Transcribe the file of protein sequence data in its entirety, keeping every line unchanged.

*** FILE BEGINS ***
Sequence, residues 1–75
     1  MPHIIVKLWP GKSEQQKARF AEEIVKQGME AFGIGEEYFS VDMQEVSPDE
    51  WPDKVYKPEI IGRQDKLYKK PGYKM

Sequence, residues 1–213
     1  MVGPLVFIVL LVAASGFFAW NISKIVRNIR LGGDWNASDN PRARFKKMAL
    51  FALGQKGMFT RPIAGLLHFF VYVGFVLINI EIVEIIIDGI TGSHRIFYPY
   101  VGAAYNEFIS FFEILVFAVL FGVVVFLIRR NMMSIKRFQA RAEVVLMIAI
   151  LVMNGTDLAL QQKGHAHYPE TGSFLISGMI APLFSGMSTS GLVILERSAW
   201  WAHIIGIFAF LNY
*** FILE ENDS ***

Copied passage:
Sequence, residues 1–75
     1  MPHIIVKLWP GKSEQQKARF AEEIVKQGME AFGIGEEYFS VDMQEVSPDE
    51  WPDKVYKPEI IGRQDKLYKK PGYKM

Sequence, residues 1–213
     1  MVGPLVFIVL LVAASGFFAW NISKIVRNIR LGGDWNASDN PRARFKKMAL
    51  FALGQKGMFT RPIAGLLHFF VYVGFVLINI EIVEIIIDGI TGSHRIFYPY
   101  VGAAYNEFIS FFEILVFAVL FGVVVFLIRR NMMSIKRFQA RAEVVLMIAI
   151  LVMNGTDLAL QQKGHAHYPE TGSFLISGMI APLFSGMSTS GLVILERSAW
   201  WAHIIGIFAF LNY